This week, the Environmental Protection Agency (EPA) hit a major milestone that some people, including leaders at the agency itself, think shouldn’t be celebrated.
On Wednesday, the agency released a final risk assessment for trichloroethylene (TCE), an industrial solvent used by artists, car mechanics, dry cleaners and others. The EPA’s in-depth report, released after a two-year analysis, shows that long-term exposure to TCE can cause cancer and other health issues, and recommends that workers take serious precautions if they must use TCE.
But in its press release, the EPA acknowledged there was something wrong — not with the risk assessment itself — but with its timeline: It was the first final risk assessment for a chemical issued by the EPA since 1986.
“The American public shouldn’t have to wait 28 years between ... chemical risk assessments,” wrote Jim Jones, EPA assistant administrator of chemical safety and pollution prevention, in a blog post. “As the old adage goes, you have to walk before you can run.”
At issue is the Toxic Substances Control Act (TSCA), the 38-year-old legislation that guides the EPA’s chemical review process. The EPA says the law is “badly in need of modernization,” and most lawmakers, chemical industry stakeholders and environmental experts agree.
The law essentially says that any chemical in use before the TSCA was passed is considered safe until proven otherwise and can be used without EPA oversight. That amounts to 62,000 chemicals, according to the EPA.
The EPA says the TSCA is the only major environmental law that has not been modernized.
The EPA and environmentalists contend that there are thousands of potentially dangerous chemicals in widespread use today. They can be found in everything from agricultural products like fertilizers to flame retardants that are used on things like airplane seats and kids’ toys.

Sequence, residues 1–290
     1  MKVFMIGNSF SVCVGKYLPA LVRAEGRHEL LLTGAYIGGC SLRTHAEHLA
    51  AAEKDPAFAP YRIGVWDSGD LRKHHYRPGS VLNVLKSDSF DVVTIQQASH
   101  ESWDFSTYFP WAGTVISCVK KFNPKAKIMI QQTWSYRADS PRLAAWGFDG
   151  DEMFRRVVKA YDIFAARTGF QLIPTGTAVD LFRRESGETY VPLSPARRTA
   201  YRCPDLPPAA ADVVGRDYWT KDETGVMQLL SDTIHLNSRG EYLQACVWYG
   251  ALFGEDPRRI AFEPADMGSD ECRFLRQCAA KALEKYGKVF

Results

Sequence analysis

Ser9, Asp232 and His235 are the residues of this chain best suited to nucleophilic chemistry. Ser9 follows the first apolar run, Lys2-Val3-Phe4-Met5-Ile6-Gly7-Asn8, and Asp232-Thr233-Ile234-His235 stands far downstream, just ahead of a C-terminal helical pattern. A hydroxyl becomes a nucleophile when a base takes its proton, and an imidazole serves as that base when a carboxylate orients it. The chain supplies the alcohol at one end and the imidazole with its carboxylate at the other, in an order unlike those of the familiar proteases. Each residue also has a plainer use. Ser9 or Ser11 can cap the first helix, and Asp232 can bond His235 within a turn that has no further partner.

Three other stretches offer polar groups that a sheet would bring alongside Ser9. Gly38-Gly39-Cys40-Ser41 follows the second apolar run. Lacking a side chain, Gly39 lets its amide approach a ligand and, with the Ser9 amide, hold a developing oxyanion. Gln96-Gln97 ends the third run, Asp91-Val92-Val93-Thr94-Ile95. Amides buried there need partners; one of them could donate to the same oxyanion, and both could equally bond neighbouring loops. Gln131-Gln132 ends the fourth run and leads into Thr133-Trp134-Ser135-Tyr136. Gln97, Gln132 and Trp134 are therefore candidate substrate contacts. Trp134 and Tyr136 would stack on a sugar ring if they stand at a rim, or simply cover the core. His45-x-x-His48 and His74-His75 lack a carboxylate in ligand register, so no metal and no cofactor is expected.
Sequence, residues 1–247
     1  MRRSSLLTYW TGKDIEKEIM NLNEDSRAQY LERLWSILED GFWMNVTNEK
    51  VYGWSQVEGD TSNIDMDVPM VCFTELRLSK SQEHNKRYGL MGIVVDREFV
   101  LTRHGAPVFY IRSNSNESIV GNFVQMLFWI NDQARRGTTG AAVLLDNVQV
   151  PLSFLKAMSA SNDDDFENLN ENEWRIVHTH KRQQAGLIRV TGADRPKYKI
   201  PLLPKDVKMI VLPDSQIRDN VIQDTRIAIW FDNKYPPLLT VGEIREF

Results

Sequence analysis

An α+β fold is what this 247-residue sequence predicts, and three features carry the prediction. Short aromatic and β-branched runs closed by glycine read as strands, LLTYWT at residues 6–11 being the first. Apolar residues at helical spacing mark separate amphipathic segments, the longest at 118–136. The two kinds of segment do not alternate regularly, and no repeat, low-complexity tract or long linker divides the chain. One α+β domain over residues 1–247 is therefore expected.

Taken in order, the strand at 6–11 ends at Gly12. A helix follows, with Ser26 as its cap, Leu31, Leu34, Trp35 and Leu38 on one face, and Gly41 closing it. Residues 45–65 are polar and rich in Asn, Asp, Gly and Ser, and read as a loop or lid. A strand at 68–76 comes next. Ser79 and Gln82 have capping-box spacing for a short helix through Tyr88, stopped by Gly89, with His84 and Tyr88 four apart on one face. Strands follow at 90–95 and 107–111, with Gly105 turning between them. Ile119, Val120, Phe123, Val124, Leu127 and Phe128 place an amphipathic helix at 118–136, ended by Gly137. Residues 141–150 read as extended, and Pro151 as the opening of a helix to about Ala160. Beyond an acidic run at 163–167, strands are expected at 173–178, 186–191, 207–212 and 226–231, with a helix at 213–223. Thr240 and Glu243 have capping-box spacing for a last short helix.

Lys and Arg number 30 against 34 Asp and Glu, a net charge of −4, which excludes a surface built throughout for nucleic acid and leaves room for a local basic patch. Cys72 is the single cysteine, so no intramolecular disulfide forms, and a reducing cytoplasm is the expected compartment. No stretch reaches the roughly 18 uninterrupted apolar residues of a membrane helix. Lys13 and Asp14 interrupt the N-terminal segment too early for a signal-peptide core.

The EPA could begin reviewing chemicals without a specific mandate to do so, and that’s exactly what it’s begun doing: TCE is one of 83 chemicals the agency has identified as posing possible risks to human health, and therefore in need of prompt risk assessments.
But without a legal mandate, the EPA says it doesn’t have enough staff or funding to carry out reviews in a timely manner, and doesn’t have the authority to require companies to hand over data on potentially harmful chemicals.
It picked TCE for its first risk assessment in nearly three decades essentially because it was low-hanging fruit.
“TCE is a good first candidate, because unlike most chemicals, EPA has a significant amount of data on the substance,” Jones wrote.
Without data on other chemicals, and with new chemicals entering the marketplace at a rapid rate, experts warn that the EPA is bound to fall further and further behind on its workload.
“There are thousands of chemicals used widely that have never been studied or proven safe,” said Richard Denison, a lead scientist at the Environmental Defense Fund. “We’ve dug ourselves in a very deep hole here.”
Denison said that, given the amount of chemicals out there, even if Congress passed a law mandating that the EPA start an extensive review process tomorrow, it would be decades before the agency worked through its backlog.
But, he said, there is a glimmer of hope that the way the EPA regulates chemicals will soon change.
Denison points out that for the first time since the TSCA passed in 1976, politicians are actively discussing updating the law. Even the American Chemistry Council, the lobbying group for the chemical industry, has acknowledged that the TSCA needs to change in order to ensure safety for Americans. No bill has shown a strong chance of passing yet, but at this point the fact that people are talking is enough for Denison to believe change is possible.
“For the first time you have the industry at the table; for the first time you have Republicans and Democrats discussing it,” he said. “That’s never happened in the last 40 years. That’s progress.”